solution of urban problems is as valid today as it was 15 years ago." + For reasons detaled below, it is clear that the Workable Program requirements must be strengthened, not eliminated. If our cities are to deal effectively with problems of housing and urban decay.

The basic objective of the Workable Program is to encourage localities receiving HUD monies to develop comprehensive plans for action to meet their local problems of urban slums and decay. As stated in the Presidential Task Force Report recommending it, the Workable Program is intended to:

“Encourage the widest possible ingenuity, initiative and discretion at the local level, but ... require clear and certain evidence that the city is realistically addressing itself to the processes by which slums are formed, and is not simply engaging in superficial, piece-meal approaches which will waste both Federal and local funds and fail to accomplish the objectives."'S

To assure that localities have comprehensively thought through their housing problems and have locally developed and implemented programs consistent with the Housing and Crban Development Act, HUD has established broad, flexible performance standards. Every two years, localities with HD assistance for many projects must demonstrate their compliance with these standards by showing that they have:

(a) codes and Code Enforcement. Adopted modern building. plumbing, electrical, housing and fire prerention codes and maintained an effective program of code enforcement.

The Housing Act of 1949 was amended in 1969 to eliminate the Workable Program requirement with respect to Public Housing and 8 221 (d) (3) housing. The requirement was never applied to § 236 housing.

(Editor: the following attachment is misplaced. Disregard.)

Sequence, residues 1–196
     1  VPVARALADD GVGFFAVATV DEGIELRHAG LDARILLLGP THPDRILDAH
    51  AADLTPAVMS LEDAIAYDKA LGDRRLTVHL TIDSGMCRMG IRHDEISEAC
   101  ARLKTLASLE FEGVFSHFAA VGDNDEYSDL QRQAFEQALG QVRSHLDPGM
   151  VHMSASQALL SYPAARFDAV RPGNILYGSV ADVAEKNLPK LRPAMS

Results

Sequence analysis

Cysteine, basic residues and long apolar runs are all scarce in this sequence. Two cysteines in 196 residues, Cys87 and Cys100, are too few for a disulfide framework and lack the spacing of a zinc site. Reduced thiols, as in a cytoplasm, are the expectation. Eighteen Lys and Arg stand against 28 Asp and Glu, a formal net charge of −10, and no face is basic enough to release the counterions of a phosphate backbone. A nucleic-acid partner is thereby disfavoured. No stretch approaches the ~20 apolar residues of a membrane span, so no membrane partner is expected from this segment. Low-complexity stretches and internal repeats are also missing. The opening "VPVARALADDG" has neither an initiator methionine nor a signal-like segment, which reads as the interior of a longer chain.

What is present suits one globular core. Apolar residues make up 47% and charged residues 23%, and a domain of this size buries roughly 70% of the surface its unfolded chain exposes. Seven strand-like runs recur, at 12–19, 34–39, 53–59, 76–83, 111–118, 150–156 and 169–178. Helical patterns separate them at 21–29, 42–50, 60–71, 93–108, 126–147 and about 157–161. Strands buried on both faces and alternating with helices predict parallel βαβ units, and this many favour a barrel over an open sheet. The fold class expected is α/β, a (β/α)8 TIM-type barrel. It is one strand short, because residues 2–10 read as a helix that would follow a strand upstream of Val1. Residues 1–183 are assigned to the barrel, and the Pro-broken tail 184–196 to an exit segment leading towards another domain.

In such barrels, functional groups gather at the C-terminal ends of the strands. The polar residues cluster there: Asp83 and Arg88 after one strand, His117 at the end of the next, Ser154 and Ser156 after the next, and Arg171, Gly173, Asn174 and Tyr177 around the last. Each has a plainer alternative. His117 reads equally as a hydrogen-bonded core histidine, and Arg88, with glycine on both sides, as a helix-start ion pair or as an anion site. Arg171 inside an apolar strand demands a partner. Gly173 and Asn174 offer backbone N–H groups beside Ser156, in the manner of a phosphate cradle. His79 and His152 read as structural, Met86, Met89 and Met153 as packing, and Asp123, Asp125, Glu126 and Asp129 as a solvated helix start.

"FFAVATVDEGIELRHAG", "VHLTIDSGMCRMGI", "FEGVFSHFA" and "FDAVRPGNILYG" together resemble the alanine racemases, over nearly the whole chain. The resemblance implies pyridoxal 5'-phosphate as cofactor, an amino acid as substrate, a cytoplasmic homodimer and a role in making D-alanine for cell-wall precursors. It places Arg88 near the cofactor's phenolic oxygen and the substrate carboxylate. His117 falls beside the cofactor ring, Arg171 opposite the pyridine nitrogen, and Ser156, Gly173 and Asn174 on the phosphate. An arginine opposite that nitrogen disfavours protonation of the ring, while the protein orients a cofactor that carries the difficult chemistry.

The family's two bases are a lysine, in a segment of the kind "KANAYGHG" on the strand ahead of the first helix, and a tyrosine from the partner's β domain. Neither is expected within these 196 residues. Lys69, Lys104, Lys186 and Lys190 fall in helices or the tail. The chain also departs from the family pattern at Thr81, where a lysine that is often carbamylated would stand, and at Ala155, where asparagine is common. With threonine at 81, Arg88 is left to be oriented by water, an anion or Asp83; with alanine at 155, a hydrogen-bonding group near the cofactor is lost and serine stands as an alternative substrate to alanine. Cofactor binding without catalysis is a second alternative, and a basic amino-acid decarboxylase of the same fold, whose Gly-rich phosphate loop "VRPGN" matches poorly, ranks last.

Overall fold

(b) Programming and Planning. Developed effective and continuing planning and programming including comprehensive plans to overcome physical, social, racial and economic problems of slums and blighted areas and implemented programs to translate these plans into action.

(c) Housing and Relocation. Analysed low- and moderate-income housing needs and formulated action programs to meet them by expanding the supply of loirand moderate-income housing units demolished by HUD-assisted programs on a one-to-one basis where necessary and adequately relocated all persons displaced by governmental action.

(d) Citizen Inrolrement. Provided opportunities for citizens, especially poor and minority citizens, to participate in the planning and execution of HUD. assisted programs which vitally affect them and their neighborhoods."

The resolution of the Conference of Mayors criticizes the Workable Program as:

really 'unworkable in that it fails to provide the flexibility needed to deal with individual local situations ... (it) sets up standards that become arbitrary and cannot be directly related to locally established objectives ... this comprehensive planning must be done on an individual basis and not prescribed by a rigid set of statutory rules. The majority resolution misrepresents both the original intent and current effects of the Workable Program requirement. From its inception, the Workable Program was intended to "encourage the widest possible ingenuity initiative and discretion at the local level." The Workable Program Handbook, adopted in April, 1969. prescribes only broad performance standards placing responsibility

• From address to the Metropolitan Regional Council, New York, June 30, 1970. * Report to the President. December, 1953, p. 113.

& Urban Renewal Program; Neighborhood Development Program: Concentrated Code Enforcement Program: Interim Assistance for Blighted Areas ; Demolition Grant Program: Community Renewal Program ; General Neighborhood Renewal Plan : Rehabilitation loans and grants in urban renewal and concentrated code enforcement areas and in other than urban renewal or concentrated code enforcement areas assisted under the provision of Sec. 115(a) (2) and Sec. 312(a)(1). Workable Program Handbook (RHA 7100.1. Chap. ter 1. page 3).

Workable Program Handbook (RHA 7100.1) October, 1968. & Op. Cit. Mayors' Resolution.

on local officials for both the development and implementation of local programs. Commenting on this Handbook, the Journal of Housing stated :